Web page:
A Clean Gun Means a Clean & Safe Shot

CleanGun

You are only as good as your equipment—this is gun ownership 101. Not only do you need to know how to handle it safely, you must also keep it maintained and cleaned thoroughly and often. 90 percent of the time, a dirty gun is the cause of a mechanical malfunction. In many cases, it is because of improper cleaning.

Here’s Why

An unclean gun is an unsafe one—it’s as simple as that.

Powder residue and dirt build up in the barrel of the gun every time you fire off a round. So cleaning your gun after every use is important as it can affect the accuracy and reliability of your shot. Crud can build up in the breech of the chamber and the chamber itself and the longer you put off any maintenance, the more likely your gun will malfunction. It can prevent the cartridge to fully load and may cause light firing on the pin strike or even a misfire. This buildup can cause movement between two surfaces that are suppose to be stable, which could cause critical errors in your long-range shot.

Many guns are easy to clean, yet many are not, thus it is never a bad idea to bring your gun to a professional gunsmith to have it cleaned if needed. If you want to learn on your own, take a hunter education course or join a shooting range club. These clubs and classes can provide you with assistance from experts and seasoned members.

Here’s How

Areas that are crucial to keep clean are the crown, locking lugs and recesses, bolt face and the barreled action or stock contact. The crown is vital, as any buildup or dirt on the muzzle of your gun throws off your accuracy and your shot. Buildup behind your locking lugs or recesses during ignition will weaken a stable lockup, which again will affect your accuracy. The same goes for your bolt face and barrel action and stock.

Step 1: The first step in cleaning your gun is making sure it is unloaded. Open the action to be sure it’s unloaded. Thoroughly reading through your owner’s manual is a good idea, as well. Next, remove the clips or magazines and take out the bolt (if it’s a rifle), or lock open the action of your shotgun, pistol or semi-auto rifle. Once that’s done, use solvent for brushing the bolt, then clean and dry it off. Be sure to brush the extractor and ejector, too.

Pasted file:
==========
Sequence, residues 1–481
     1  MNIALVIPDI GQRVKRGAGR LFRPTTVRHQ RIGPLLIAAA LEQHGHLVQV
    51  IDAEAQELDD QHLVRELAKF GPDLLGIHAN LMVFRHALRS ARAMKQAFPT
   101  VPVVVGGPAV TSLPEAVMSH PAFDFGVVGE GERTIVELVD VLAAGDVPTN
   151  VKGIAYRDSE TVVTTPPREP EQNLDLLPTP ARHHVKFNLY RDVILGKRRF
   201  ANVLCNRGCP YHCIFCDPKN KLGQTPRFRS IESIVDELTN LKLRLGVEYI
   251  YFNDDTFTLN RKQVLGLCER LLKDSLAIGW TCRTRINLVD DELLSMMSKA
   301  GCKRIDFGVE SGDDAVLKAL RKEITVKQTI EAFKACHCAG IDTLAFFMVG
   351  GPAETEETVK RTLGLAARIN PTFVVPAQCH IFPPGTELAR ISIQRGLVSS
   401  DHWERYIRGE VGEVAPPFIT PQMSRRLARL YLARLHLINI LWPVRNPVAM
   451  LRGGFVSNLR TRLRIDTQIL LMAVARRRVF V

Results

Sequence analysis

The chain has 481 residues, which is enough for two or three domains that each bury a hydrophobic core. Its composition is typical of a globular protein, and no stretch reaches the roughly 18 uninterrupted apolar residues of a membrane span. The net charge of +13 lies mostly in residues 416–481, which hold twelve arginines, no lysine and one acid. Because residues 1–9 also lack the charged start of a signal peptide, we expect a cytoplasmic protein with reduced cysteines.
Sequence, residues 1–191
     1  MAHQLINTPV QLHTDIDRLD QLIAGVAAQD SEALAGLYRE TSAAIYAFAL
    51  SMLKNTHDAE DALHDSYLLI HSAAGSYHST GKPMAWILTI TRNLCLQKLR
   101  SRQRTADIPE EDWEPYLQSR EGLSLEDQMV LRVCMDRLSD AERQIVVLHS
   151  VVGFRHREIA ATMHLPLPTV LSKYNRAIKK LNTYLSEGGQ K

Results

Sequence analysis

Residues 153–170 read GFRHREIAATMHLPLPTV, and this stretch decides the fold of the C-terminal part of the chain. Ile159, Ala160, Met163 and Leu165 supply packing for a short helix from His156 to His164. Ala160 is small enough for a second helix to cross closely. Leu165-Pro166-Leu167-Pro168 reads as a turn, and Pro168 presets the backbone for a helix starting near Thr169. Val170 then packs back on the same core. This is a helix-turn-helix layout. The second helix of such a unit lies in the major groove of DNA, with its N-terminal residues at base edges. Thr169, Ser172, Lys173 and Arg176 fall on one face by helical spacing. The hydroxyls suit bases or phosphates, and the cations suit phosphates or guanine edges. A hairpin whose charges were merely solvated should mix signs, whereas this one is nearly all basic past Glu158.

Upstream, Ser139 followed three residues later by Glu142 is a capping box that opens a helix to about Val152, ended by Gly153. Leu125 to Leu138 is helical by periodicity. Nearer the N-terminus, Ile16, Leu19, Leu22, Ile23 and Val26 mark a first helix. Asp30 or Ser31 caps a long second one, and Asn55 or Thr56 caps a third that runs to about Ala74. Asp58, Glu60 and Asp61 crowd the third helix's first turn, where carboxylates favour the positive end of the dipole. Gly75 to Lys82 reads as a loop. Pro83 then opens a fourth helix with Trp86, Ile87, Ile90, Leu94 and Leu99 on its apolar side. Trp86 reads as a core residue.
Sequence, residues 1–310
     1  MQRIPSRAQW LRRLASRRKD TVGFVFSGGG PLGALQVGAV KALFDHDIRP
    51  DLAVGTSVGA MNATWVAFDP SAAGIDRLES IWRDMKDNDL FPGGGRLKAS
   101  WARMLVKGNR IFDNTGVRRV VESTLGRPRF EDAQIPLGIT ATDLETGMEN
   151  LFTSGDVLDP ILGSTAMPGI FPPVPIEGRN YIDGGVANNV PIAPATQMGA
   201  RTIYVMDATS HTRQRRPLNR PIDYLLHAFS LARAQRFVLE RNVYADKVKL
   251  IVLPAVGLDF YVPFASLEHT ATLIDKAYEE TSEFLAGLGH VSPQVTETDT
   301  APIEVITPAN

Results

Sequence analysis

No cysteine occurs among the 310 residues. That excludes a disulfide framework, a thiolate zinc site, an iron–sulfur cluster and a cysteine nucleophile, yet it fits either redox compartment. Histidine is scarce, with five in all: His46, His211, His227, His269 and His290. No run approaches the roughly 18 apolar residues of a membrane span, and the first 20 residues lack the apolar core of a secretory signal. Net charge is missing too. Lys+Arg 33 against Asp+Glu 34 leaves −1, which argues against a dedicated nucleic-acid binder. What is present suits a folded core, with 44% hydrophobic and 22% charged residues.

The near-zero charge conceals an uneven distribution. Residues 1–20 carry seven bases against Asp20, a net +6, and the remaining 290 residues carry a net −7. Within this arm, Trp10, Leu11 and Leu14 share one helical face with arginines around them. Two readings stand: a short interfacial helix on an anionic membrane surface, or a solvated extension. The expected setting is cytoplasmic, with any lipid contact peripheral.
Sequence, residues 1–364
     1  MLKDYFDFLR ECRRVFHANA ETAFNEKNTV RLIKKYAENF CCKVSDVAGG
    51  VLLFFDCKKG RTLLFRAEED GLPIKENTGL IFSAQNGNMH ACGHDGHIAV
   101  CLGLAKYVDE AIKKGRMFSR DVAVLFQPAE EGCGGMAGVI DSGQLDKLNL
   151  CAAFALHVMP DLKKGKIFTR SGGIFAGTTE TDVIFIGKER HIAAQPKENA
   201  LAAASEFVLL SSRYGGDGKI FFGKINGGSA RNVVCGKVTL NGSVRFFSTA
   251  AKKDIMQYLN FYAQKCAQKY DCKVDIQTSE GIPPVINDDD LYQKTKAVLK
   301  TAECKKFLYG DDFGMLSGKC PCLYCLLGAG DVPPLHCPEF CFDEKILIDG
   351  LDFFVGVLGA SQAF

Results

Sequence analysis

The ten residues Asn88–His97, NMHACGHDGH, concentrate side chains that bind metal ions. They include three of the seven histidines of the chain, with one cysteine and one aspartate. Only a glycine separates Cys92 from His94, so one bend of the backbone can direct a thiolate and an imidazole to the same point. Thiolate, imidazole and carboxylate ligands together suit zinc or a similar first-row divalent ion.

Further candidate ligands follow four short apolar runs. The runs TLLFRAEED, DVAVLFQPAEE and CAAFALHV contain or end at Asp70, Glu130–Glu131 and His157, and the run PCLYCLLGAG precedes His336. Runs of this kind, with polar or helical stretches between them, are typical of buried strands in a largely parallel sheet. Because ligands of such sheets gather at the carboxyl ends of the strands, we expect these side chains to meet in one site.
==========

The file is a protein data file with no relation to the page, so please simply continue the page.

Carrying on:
Step 2: Using a cleaning rod with a bronze brush soaked in a cleaning solvent, work from the breech or chamber end and brush down the barrel and out the muzzle until it is clean. Let it dry for 15 minutes to let the solvent dissolve and soften the bullet jacket material, powder fowling and lead. After 15 minutes, run the bronze brush soaked with solvent down the barrel again, repeating several times until the gunk in the barrel is loosened. Once this is complete, take a cloth patch down the bore to clean up any remaining carbon out of the muzzle.

One bit of caution, however, is to not pull the patch back out. Instead, take it off the road and put a clean one on and then pull the road back out of the chamber end. Run the brush through at least 25 times.

Step 3: The next step is running a few solvent soaked patches down the barrel and out the muzzle end. Be sure to replace with a clean patch, pull back up and replace the patch again each time. If the patches are still really black, keep cleaning. If it continues, the barrel may need to be soaked and dried again.

Step 4: Coat your barrel and bolt with a bit of rust prevention oil. With a clean, soft cotton cloth, dabbed with oil, wipe down all the metal surfaces of your gun, making sure not to over-oil it. Wearing cotton gloves can prevent any fingerprints from getting on the surfaces while oiling your gun down.

Step 5: The final step is an important one. After cleaning be sure to store your firearms in a safe place. Always use a gun case or safe to store your weapons.